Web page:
Renting Textbooks If you're trying to save money on textbooks, sometimes renting a textbook that you know you'll never want to keep is a super way to save some dough. Some campus bookstores now offer rental books, which makes renting particularly convenient. There are also a number of Web-based companies that specialize in renting textbooks to college students. All of the rental services ask that you not highlight or write in the books you rent. Some of them include a pre-paid shipping label to make returning the books simple. Keep in mind, though, that rental services do not guarantee that the rented book will include supplementary materials like CDs, or CD-ROMs, or Web access codes or workbooks. If you need a workbook, for instance, you'll need to be sure to buy that separately. The first thing to do if you're interested in exploring your book rental prospects is to determine the exact edition that your instructor is using. That means learning the book title, author, and most importantly of all, the ISBN. You can rent textbooks either from your campus bookstore, from online book seller Barnesandnoble.com or from various Web-based companies that stock the most commonly used textbooks. Book rental sites allow you to adjust the start and end dates of your rental to match your school's schedule. Remember to rent the book until you finish finals, and still have time to ship it back to the rental company. It pays to do a little shopping around, if you have the time. For instance, the 8th edition of The Norton Anthology of English Literature, Vol. I in hardcover retails for $66.25 from the publisher; they sell it to bookstores for the wholesale price of $53.00. Amazon is selling new copies for $52.34, and used copies from third party resellers for around $26.00. BarnesandNoble.com sells the new book new for 54.96 and rents it for $31.84 for ninety days. You can rent the book for a semester (you can adjust the start and end dates) for about $26.00 from Chegg.com, for $33.69 from BookRenter.com (for a longer period), or $28.20 from CampusBookRentals.com for a semester. One site, BigWords.com, attempts to search for the best deal on a book, and lists the various options they find so you can pick the one that works the best for you. Remember that if you decide not to rent your textbooks, you still have other options for saving money.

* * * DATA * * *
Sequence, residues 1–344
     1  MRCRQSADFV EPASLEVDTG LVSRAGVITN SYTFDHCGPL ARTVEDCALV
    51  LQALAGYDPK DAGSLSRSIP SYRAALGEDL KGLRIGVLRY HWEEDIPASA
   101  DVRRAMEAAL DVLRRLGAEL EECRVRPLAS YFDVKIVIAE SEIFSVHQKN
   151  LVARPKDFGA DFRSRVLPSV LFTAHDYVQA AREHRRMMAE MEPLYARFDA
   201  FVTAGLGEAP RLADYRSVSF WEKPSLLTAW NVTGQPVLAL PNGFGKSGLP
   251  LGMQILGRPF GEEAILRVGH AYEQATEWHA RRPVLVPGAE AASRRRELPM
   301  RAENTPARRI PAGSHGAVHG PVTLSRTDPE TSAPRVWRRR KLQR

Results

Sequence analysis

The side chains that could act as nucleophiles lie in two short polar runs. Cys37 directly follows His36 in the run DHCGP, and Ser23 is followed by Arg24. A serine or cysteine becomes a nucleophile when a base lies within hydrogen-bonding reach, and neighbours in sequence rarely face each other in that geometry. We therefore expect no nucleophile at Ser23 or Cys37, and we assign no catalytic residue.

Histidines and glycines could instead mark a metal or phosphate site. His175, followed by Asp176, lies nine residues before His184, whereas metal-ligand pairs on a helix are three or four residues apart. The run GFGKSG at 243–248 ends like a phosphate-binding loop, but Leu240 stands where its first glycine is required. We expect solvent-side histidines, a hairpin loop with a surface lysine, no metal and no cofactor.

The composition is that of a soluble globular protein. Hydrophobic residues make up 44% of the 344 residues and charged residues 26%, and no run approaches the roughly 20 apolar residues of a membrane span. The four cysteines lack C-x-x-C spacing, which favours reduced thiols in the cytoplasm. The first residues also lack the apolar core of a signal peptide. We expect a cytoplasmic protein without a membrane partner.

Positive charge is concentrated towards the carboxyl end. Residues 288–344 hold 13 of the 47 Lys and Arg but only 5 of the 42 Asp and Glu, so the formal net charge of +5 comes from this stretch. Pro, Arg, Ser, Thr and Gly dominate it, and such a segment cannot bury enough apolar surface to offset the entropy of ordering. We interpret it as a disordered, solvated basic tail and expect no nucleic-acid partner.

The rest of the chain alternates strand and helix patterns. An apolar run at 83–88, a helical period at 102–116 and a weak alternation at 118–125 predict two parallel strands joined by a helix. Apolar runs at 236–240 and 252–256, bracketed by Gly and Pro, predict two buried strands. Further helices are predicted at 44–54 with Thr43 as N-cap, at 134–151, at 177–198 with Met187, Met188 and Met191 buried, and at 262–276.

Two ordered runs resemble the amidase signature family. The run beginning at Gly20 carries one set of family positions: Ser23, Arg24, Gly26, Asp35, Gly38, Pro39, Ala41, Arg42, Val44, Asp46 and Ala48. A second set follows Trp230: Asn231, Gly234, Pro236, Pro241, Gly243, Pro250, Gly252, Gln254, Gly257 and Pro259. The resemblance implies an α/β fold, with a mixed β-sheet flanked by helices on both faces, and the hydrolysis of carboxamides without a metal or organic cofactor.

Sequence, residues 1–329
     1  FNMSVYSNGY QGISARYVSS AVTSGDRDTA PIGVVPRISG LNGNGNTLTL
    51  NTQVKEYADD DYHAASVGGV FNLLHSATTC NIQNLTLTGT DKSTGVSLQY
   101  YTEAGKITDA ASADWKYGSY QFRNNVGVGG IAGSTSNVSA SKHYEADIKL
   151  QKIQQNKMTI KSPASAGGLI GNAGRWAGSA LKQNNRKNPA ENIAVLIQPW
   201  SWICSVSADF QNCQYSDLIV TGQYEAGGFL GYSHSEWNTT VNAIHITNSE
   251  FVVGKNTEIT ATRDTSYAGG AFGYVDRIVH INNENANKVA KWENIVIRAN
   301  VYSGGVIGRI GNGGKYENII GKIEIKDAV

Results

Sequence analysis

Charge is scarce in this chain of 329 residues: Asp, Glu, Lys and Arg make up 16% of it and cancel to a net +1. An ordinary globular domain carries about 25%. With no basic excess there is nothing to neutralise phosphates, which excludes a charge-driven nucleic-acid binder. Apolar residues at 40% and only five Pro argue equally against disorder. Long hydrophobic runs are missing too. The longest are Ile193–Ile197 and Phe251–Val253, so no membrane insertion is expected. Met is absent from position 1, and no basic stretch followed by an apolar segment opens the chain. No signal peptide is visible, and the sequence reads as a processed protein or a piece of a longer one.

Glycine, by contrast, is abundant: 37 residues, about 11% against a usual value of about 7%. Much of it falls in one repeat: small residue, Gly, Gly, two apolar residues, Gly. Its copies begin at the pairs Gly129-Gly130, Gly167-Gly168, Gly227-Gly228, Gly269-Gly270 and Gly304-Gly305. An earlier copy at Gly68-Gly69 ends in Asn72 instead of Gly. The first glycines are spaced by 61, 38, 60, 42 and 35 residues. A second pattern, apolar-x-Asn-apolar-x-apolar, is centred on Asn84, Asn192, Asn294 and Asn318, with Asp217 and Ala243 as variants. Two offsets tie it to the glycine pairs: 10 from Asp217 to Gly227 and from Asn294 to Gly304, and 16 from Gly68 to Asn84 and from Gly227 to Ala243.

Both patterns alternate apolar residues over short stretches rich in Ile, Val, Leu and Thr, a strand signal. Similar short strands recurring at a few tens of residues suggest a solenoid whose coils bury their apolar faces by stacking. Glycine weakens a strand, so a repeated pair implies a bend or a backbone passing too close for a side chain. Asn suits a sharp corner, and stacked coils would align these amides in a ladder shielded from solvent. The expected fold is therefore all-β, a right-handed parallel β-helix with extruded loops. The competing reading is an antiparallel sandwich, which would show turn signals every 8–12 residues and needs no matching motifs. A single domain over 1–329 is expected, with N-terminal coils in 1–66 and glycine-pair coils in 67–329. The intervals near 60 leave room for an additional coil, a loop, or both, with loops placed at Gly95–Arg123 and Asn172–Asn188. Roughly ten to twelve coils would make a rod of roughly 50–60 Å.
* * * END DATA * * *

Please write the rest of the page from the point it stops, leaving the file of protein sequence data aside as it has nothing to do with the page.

Which to Choose: Large Research University or Small Liberal Arts School? One of the questions to ask yourself when you start thinking about college is whether you want to attend a college near home and live at home, or one that requires you to live on campus (a lot of schools require freshmen to live on campus). The next question to ask yourself is whether you want to attend a small liberal arts college or a large research university. Before you can answer that question, you need to first understand what people mean when they refer to "a small liberal arts college," and what they mean by "large research university." Both kinds of schools offer wonderful education opportunities, and enriching experiences, but they are different. They have different values, and, often, different costs as well as benefits. There are private for profit and public versions of both large research universities and small liberal arts schools, so while cost is definitely a consideration, don't assume that small always means costly; sometimes it doesn't. A large college or university typically has a large campus, a number of student service offices and lots of opportunities for social life. But you may feel lost in the crowd if you're not comfortable venturing out on your own and already adept at making friends. You may have classes with several hundred students, and very little contact with the professor teaching the class. You may find the opportunities to meet lots of different kind of people, and an urban environment exactly what you want. A smaller school can offer more personal and individualized attention by campus officers and faculty, and you might have an easier time making friends. You might find that you stand out in a smaller school, and crave the anonymity of a large one. It all depends on you, on what you want, and how you want to be in your future. [This post was originally written for College Adviser in 2011]